Homeschool Worksheets

While homeschool worksheets, especially free homeschool worksheets, may seem like an attractive answer to a homeschool, they have some limitations, as well as some possibilities you may not have considered. This article discusses the virtues and drawbacks of homeschool worksheets.

Types of Homeschool Worksheets

The word worksheet in and of itself does not tell you much about what kind of learning goes on with this resource. First of all, you can have a variety of exercises on paper worksheets, like:

  • crossword puzzles
  • word searches
  • math problems to solve, either in equations or word problems
  • paragraphs of text with follow up short answer questions
  • cloze (fill in the blank questions in which context clues provide hints)
  • pictures to color
  • origami, paper airplane, or other paper folding directions in which the worksheet is used to construct an object
  • recipes
  • sheet music to perform or analyze
  • games and game pieces
  • instructions for activities

Homeschool worksheets could be in color and include images and photographs, although many Note that in some of these cases, you would need something other than the worksheet to complete the activity, whether glue and scissors, a piano, a magnifying glass, math manipulatives, etc.

Homeschoo worksheets viewed on a computer have expanded possibilities. In a pdf worksheet, you can include music, photos, and movies. And in worksheets done in more sophisticated programs, you can do more sophisticated things. For example, I wrote nearly 1700 worksheets for use in the music notation software program Sibelius. Printed out, students can do music theory worksheets, play sheet music on an instrument, compose, analyze scores, and do other music-related activities. Used within the program, students can listen to music and compose music that they can hear.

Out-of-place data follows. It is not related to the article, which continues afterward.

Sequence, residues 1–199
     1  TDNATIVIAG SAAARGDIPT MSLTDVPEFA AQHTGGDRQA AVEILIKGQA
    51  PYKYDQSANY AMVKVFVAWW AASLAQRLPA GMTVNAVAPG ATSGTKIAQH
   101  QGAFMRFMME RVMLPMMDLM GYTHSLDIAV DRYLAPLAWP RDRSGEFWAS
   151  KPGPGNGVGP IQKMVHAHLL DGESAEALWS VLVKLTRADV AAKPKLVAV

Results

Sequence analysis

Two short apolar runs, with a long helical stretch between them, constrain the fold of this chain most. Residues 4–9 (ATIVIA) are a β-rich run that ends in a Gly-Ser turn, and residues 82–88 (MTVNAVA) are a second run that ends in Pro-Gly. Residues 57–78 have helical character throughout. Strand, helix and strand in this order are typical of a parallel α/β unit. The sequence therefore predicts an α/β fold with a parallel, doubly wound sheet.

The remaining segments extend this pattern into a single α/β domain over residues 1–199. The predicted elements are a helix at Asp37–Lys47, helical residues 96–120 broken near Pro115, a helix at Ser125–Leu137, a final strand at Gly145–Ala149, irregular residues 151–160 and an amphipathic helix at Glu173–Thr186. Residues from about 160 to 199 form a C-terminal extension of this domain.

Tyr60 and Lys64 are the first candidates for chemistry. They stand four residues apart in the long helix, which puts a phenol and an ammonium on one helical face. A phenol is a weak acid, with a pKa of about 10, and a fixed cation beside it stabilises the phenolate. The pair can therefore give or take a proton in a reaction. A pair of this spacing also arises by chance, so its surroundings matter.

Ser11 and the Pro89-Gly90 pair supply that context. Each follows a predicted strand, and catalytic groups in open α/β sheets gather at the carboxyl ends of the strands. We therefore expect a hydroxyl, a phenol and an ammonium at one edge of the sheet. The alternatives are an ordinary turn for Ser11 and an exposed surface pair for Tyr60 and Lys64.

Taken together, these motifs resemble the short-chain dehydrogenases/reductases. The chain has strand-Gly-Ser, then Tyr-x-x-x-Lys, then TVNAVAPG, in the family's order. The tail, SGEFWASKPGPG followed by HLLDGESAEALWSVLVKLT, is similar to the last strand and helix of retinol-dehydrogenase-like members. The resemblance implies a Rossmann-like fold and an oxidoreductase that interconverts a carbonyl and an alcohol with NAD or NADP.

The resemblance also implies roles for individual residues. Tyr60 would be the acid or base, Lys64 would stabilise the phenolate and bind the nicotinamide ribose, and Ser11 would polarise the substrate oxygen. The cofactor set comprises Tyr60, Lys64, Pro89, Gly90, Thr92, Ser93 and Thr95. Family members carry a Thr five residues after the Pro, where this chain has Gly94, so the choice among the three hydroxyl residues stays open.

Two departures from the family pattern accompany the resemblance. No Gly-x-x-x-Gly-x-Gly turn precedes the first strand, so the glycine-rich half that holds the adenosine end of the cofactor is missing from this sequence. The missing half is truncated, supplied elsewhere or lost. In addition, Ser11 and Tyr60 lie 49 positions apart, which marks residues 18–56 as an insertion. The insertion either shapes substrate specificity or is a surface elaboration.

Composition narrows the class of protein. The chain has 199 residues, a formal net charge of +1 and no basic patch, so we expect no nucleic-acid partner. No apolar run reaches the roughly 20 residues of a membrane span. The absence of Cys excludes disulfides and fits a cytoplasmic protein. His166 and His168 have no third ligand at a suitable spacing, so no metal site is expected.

The Role of Homeschool Worksheets in a Curriculum

Zion Academy of America, an accredited homeschool distance learning solution, has an entire curriculum based on workbooks, therefore printed homeschool worksheets. Since it is accredited, this may seem to elevate the status of worksheets in people’s minds. However, even with the most creative array of worksheets, a homeschool worksheet curriculum is not a full curriculum.

What’s missing?

  • Texts that are too long to fit on a homeschool worksheet, including plays, novels, epic poetry, works of history, and even longish short stories. You’re unlikely to find The Tragedy of Julius Caesar taught on worksheets – you need a text. And any work in copyright cannot legally be reproduced on worksheets.
  • Laboratory activities. You need other resources, such as a magnifying glass, a microscope, levers, pulleys, wheels, mirrors, magnets, etc.
  • Math problems. You need math manipulatives and materials such as rulers, compasses, dice, templates for drawing geometric shapes, Cuisenaire – rods, protractors, measuring cups, scales, thermometers, etc.
  • Music instruction. You need other resources such as recordings;  instruments such as a flutophone, recorder, keyboard, kazoo, drum, tambourine. You’re unlikely to find any lengthy piece of music taught on worksheets – you need published sheet music. And any work in copyright cannot be legally reproduced on worksheets.

Selecting a Homeschool Worksheet

Here are some criteria for selecting homeschool worksheets:

  • Review the source. If it’s a source you know, you may only give the worksheet a quick glance, but if it’s a new source, check the material and answers carefully for accuracy and fairness. If it’s not a field you know well, check other materials from the same source in a field with which you feel more comfortable. One approach is to complete a sample worksheet yourself. If you find a lack of clarity or question accuracy of facts or correctness of answers, imagine what it might be like for your child.
  • Define your purpose. If you’re looking for the introduction of material, you need something different than if you’re looking for an opportunity to review material that’s already known.
  • Think about your child. A child who can figure things out for him or herself from written text can handle a different kind of introduction to a task than one who works best from a demonstration.
  • Sample before ordering. As with any other investment, a test drive before purchase (if there’s a cost) is a good idea.

Of course, you could consider making up worksheets yourself  . . .